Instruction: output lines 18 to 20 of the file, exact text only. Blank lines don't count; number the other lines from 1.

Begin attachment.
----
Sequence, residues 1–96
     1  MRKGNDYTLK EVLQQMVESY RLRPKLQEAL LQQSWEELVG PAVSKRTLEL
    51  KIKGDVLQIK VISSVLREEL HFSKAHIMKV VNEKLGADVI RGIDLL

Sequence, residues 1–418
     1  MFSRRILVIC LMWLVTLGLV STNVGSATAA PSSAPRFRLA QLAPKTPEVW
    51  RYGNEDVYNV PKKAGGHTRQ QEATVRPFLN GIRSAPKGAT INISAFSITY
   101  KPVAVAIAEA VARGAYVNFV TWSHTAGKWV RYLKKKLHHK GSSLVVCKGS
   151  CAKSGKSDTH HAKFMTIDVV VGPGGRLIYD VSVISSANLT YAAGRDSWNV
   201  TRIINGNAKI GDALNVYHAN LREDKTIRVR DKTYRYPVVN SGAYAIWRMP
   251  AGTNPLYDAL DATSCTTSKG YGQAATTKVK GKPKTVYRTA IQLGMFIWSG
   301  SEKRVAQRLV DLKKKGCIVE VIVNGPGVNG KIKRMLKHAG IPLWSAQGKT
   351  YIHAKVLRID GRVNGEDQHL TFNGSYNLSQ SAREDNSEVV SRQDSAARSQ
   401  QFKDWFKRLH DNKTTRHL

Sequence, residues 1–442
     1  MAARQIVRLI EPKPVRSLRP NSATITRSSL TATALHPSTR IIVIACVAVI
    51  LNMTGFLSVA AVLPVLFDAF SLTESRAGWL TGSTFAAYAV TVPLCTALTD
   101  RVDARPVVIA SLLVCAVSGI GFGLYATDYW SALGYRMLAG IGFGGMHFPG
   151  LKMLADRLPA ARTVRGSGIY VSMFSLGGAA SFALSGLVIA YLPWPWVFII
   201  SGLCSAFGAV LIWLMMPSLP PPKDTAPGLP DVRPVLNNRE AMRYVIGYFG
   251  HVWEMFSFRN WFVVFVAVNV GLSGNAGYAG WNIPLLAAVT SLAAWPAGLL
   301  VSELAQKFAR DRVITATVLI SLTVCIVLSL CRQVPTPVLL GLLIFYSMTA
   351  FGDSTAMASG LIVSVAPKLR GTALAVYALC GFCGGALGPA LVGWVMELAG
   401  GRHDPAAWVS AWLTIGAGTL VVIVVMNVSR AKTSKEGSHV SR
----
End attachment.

   151  LKMLADRLPA ARTVRGSGIY VSMFSLGGAA SFALSGLVIA YLPWPWVFII
   201  SGLCSAFGAV LIWLMMPSLP PPKDTAPGLP DVRPVLNNRE AMRYVIGYFG
   251  HVWEMFSFRN WFVVFVAVNV GLSGNAGYAG WNIPLLAAVT SLAAWPAGLL